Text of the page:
It doesn't hurt that this wasn't Dalton's first rodeo—or his 100th. Over nine seasons in Cincinnati, Dalton started 133 games, winning 70. He led the Bengals to the postseason in each of his first five years in the NFL. Dalton holds a number of franchise records with the Bengals, and he's been named to three Pro Bowls.
That's the good news.
The bad news is that there's a reason Dalton isn't still throwing passes in Cincinnati, and it's not Joe Burrow. In Dalton's last full season as a starter in Cincy, he failed to complete 60 percent of passes, had just 16 touchdown passes against 14 interceptions in 13 games and posted a passer rating of under 80. Dalton is winless in his career in the playoffs and 6-15 at night.
He doesn't have Prescott's arm. He certainly doesn't have Prescott's mobility. Dalton may be a high-end backup, but even at his best he was something of a low-ceiling starter.
Dallas is just going to have to make do, though. There will probably be rumblings on sports talk radio and online about the possibility of Dallas pursuing an "upgrade" at quarterback. But the trade market at quarterback isn't robust in the best of times. The players who might be available would either be veterans like Dalton on the downslope of their careers, such as Joe Flacco of the New York Jets, or youngsters who never lived up to expectations, such as Washington's Dwayne Haskins, Chicago's Mitchell Trubisky and Tampa Bay's Josh Rosen.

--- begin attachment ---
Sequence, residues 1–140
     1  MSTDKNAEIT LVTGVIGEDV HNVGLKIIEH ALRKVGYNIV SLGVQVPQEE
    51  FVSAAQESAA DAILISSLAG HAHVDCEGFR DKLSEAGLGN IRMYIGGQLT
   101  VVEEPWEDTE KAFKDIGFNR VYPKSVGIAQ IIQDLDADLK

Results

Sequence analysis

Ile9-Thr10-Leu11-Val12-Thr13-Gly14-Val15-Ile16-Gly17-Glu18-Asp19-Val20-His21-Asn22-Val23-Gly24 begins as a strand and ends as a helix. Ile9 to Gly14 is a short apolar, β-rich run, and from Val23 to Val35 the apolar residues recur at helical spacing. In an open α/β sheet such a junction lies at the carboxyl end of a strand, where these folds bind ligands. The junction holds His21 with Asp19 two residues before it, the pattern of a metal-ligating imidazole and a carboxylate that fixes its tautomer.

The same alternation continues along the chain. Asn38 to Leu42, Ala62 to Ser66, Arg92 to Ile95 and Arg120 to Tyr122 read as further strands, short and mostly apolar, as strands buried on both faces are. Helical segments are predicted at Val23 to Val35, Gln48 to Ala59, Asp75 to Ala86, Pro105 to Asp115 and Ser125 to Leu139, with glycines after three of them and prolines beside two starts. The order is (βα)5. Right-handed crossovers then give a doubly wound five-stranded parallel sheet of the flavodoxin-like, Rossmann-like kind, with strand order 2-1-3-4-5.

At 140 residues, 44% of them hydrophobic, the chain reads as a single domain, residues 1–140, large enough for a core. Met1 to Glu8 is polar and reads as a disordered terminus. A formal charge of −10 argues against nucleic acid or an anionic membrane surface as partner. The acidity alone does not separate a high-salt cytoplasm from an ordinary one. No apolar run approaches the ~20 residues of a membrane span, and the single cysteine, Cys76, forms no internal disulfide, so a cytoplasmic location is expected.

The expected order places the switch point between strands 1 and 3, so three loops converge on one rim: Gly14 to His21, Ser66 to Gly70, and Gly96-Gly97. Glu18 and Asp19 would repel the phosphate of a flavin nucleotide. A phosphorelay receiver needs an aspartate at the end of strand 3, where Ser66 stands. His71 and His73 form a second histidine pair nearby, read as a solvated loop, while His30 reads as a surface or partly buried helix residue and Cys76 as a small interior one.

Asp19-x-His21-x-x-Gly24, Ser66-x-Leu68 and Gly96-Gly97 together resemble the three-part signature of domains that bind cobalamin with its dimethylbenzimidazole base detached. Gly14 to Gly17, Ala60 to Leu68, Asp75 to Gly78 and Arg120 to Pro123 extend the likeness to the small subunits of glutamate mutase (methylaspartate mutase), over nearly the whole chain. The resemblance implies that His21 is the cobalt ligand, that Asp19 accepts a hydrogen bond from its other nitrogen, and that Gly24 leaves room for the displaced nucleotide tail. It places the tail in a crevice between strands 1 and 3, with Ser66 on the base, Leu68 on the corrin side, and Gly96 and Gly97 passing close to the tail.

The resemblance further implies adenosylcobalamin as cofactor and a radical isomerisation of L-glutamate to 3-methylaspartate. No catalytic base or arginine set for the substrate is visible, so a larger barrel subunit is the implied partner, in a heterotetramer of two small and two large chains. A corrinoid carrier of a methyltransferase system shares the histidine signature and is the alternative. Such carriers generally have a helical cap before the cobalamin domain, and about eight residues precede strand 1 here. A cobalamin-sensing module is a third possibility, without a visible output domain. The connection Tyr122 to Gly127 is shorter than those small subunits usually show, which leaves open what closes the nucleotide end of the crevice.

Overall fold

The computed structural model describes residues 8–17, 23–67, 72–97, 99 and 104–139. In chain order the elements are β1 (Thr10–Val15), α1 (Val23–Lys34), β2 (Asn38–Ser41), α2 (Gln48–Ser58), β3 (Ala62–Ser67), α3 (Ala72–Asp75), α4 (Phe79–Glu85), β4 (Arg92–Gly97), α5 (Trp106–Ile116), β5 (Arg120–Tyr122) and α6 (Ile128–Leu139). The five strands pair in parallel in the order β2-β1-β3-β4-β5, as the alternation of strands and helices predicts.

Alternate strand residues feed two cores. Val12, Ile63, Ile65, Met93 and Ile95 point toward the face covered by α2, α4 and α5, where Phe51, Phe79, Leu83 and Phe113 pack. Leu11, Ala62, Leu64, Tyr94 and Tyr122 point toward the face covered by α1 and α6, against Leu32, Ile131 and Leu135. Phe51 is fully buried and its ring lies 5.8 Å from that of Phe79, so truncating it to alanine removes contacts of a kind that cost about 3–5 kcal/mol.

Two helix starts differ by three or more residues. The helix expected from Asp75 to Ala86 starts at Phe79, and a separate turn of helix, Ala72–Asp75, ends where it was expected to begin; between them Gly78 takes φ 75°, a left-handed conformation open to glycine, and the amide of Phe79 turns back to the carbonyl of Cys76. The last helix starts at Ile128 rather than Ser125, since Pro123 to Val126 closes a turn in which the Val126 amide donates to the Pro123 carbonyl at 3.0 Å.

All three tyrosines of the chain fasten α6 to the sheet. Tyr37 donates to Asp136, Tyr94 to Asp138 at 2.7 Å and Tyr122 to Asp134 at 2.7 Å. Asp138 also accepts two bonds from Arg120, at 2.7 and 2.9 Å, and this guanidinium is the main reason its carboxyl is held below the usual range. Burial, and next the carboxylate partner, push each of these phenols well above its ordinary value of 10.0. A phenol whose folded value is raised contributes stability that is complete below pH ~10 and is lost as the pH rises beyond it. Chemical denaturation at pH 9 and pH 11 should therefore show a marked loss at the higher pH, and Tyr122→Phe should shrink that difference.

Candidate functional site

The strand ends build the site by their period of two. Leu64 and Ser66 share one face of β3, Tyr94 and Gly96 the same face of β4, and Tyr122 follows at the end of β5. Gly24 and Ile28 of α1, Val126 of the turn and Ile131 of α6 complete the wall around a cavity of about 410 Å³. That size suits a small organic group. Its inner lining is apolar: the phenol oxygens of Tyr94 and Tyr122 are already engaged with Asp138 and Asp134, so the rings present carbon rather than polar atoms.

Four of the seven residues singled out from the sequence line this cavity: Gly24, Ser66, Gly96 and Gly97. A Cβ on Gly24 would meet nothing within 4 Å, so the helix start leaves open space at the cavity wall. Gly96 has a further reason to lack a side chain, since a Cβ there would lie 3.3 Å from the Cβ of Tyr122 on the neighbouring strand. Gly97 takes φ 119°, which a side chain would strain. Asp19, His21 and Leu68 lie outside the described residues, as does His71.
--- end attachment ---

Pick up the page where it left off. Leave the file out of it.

There isn't a quarterback Dallas might actually be able to get who gives the team a better chance to win than Dalton—at least not enough to justify the draft capital it would take to get him.
That leaves one option. One viable course of action.
Ride Ezekiel Elliott all game every game. Give the 25-year-old 25 carries (or more) a game. Use the run to control the clock and keep Dalton in favorable down-and-distance situations. Go full-on old-school ground-and-pound.
Even that may not work for one prevailing reason. Prescott wasn't throwing the ball umpteen times a game because he has himself in fantasy. He was doing it because the Dallas defense is hot garbage. Heading into Week 5, the Giants had scored 47 points for the season.
New York scored 34 Sunday, although one of the touchdowns was a defensive score. Over the first month of the season, Dallas allowed 430.5 yards and 36.5 points per game.
Were the Cowboys in any other division in the NFL, they would be finished. The toastiest of toast. But after winning Sunday, Dallas is all alone in first place in the NFC (L)East with a 2-3 record. It's not out of the realm of reason that 7-9 could earn the NFC's No. 4 seed.
It's pitiful, but it's not out of the realm of reason.
But if that's the goal for the now-reeling Cowboys, then head coach Mike McCarthy needs to drastically alter how the team functions from here on out. The pressure to carry the team has to shift from under center to behind the quarterback. For the remainder of 2020, this is Elliott's team. Everything on offense needs to revolve around him.
Dalton is a capable veteran. As insurance policies go, Dallas could have done a lot worse.
But Dalton is who he is.
And who he is isn't Dak Prescott.